“I was drawn to ballet and performing for a reason that I think a lot of people can’t really understand or relate to,” she says. “People think it’s like, ‘You’re out there,’ or ‘You’re exposed.’ But I felt safe when I was on the stage, like no one could get to me. It was the first time in my life that I felt protected,” Copeland continues. “So when all of the media and the attention that came along with me entering the ballet world arrived, that was not what I wanted. I take it all very lightly, in terms of people calling me a ‘celebrity’ and things like that. I think what I’m doing is showing people how incredible the arts can be for a child and how it’s changed my life. I try not to get caught up in the other stuff, but I understand the importance of me doing it.”
Copeland is engaged to Olu Evans, an attorney, who she’s been with for more than a decade. They live together in an apartment on Manhattan’s Upper West Side. She admits to an “intensifying” designer footwear addiction, and while she’s still working out the details of her nuptials, she confesses giddily that Christian Louboutin is making her shoes for the occasion. Most days, though, she dances, and when she’s not training she’s working to maintain herself physically so she can continue to perform at a high level as she gets older. “I’m a bit of a loner,” Copeland says. “If I don’t have to be around a lot of people, I don’t like to. I have a really small circle of friends. I just love cooking and relaxing.”
Nevertheless, she has at least begun to entertain notions of what lies beyond her dancing life. “It’s hard to even think about those things being in the midst of my career right now,” she says. “I know I’ll be a part of the dance world, probably write some more books. But I also cherish family so much. I think, growing up, before ballet became my safe haven, my siblings and I were like this little village. We were together, and we looked out for each other. So that just makes me want to value the little family I create one day even more.”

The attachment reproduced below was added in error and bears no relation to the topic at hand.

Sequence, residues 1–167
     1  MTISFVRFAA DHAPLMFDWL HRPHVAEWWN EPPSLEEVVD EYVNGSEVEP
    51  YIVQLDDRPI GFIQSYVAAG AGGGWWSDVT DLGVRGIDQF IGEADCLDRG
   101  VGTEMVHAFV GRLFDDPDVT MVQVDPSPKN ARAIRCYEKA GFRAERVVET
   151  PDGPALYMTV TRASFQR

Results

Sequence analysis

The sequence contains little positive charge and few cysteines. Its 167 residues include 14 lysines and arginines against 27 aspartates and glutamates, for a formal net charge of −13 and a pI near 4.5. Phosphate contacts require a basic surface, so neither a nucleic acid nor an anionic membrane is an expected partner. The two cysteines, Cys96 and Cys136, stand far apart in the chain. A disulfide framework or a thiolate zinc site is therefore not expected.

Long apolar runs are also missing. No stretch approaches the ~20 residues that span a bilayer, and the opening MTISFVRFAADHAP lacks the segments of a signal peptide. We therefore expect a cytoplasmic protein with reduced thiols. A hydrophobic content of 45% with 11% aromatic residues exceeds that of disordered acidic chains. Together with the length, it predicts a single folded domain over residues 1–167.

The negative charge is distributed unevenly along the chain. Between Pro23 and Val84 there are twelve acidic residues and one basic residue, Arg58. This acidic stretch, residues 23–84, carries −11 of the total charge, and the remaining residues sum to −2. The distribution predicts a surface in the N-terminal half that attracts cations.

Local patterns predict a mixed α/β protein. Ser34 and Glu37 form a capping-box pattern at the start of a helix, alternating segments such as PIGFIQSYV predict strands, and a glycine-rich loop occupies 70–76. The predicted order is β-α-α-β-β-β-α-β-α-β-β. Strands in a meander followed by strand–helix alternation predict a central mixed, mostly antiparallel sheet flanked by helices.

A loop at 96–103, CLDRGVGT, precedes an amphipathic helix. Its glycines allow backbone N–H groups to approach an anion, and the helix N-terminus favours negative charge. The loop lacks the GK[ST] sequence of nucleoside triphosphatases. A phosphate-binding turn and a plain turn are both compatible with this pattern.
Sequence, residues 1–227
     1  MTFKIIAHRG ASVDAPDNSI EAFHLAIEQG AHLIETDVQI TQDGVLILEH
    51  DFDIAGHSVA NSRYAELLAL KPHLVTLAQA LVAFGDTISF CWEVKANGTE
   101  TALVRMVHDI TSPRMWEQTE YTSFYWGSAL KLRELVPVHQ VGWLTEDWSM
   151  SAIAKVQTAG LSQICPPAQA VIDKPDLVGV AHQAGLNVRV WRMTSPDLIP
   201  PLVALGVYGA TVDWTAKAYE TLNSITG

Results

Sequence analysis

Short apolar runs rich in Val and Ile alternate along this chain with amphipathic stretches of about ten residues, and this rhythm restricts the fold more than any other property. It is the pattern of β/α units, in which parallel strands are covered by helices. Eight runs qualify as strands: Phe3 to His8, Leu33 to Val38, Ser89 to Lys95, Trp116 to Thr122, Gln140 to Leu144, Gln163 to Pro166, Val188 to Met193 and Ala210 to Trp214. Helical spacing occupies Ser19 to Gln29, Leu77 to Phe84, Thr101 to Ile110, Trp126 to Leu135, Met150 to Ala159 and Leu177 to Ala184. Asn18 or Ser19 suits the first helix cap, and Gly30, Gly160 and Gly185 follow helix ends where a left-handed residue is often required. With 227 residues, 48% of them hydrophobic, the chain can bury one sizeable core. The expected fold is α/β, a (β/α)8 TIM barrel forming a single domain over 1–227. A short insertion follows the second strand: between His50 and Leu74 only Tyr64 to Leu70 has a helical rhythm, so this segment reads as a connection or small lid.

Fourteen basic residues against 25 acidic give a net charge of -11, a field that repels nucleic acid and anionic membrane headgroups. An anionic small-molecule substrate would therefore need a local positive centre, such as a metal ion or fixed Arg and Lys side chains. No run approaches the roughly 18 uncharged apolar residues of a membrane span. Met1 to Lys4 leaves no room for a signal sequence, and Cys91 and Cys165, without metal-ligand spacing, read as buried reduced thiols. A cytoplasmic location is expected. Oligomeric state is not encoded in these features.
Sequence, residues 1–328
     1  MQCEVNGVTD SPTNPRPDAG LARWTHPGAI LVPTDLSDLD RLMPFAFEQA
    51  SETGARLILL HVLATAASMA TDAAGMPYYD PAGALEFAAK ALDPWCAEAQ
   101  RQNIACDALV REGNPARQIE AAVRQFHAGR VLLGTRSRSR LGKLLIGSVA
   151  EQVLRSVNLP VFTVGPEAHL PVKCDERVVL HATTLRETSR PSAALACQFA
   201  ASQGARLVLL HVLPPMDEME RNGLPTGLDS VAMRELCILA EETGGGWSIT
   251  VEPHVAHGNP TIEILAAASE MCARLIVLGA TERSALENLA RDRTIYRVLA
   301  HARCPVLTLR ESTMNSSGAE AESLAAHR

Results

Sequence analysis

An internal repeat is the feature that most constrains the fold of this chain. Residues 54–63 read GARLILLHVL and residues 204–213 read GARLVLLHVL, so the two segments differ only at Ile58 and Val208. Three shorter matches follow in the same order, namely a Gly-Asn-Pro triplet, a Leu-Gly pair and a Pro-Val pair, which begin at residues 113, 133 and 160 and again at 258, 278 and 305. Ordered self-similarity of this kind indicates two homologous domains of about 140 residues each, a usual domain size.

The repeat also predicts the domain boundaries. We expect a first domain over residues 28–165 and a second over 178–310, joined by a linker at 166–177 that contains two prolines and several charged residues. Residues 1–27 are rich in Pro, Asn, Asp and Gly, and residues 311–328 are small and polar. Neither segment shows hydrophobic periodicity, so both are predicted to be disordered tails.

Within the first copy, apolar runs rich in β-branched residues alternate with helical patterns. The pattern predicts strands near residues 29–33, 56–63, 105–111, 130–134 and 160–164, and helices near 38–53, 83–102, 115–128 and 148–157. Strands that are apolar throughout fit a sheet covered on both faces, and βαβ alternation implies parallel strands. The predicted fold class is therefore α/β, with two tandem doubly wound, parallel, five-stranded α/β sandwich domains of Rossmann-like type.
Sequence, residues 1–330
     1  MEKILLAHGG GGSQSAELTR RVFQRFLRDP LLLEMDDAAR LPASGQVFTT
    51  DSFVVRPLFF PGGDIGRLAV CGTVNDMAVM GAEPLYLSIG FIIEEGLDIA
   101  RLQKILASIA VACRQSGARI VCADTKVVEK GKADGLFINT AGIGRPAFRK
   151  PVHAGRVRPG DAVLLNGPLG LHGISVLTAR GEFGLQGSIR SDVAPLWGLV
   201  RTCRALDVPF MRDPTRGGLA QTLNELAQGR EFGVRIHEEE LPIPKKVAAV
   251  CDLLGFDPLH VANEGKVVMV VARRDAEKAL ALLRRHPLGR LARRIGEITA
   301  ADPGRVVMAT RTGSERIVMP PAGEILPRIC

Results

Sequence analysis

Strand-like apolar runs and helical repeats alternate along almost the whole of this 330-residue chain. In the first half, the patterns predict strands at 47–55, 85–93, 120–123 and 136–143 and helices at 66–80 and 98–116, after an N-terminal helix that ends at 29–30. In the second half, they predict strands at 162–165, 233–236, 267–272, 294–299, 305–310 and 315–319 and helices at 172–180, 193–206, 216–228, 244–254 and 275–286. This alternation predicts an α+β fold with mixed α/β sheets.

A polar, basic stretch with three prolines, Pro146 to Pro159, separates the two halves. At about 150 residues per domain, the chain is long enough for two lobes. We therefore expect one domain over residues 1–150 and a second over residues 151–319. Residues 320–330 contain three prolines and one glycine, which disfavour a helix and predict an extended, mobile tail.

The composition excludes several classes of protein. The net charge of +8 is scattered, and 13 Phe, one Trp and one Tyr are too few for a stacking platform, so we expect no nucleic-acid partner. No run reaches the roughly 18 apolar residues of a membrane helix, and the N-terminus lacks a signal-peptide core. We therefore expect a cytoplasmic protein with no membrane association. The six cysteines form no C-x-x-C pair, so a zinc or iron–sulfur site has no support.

One of Degas’s best-known ballet works is Little Dancer Aged Fourteen, a sculpture of a young ballerina lost in a moment of her own. “I definitely feel like I can see myself in that sculpture—she just seems content but also reserved,” Copeland says. “I was really shy and introverted at that age. I don’t even have an image in my head of what I remember a ballerina being or existing before I took a ballet class. Ballet was just the one thing that brought me to life.”
safe when I was on the stage, like no one could get to me.
It was the first time in my life that I felt protected.”
Revolutionary spirit. Dress, Valentino. Headdress and corsages, Wilhelm. Ribbon, Mokuba.
FASHION EDITOR: Michelle Jank
Dress rehearsal. OPPOSITE PAGE: Copeland as Degas’s Dancer (above). Top and skirt, Carolina Herrera. Headpiece,
Hatmaker by Jonathan Howard. Ribbon, Mokuba. On background dancers: Dresses, Carolina Herrera.
Period piece. THIS PAGE: Copeland as Degas’s Little Dancer Aged Fourteen (above). Dress, Alexander Mcqueen. OPPOSITE PAGE: Copeland as Swaying
Dancer (Dancer in Green) (left). Dress, Oscar de la Renta. Headpiece, Hatmaker by Jonathan Howard. Ribbon, Mokuba. On background dancers (from left): Top and skirt, Emporio Armani. Dress, Alberta Ferretti.
Dress, Emporio Armani. Dress, Emporio Armani. Dress, Alberta Ferretti. Headpieces, Hatmaker by Jonathan Howard.
Dancing with the star. THIS PAGE: Dress, Alberta Ferretti. OPPOSITE PAGE: leotard, Capezio. Skirt, Roberto Cavalli. See Where to buy for shopping details. Hair: kiyo Igarashi for Oribe Hair Care; makeup:
bank Natdanai for Tom Ford; prop styling: kevin Hertzog. Special thanks to NYC Dance Project.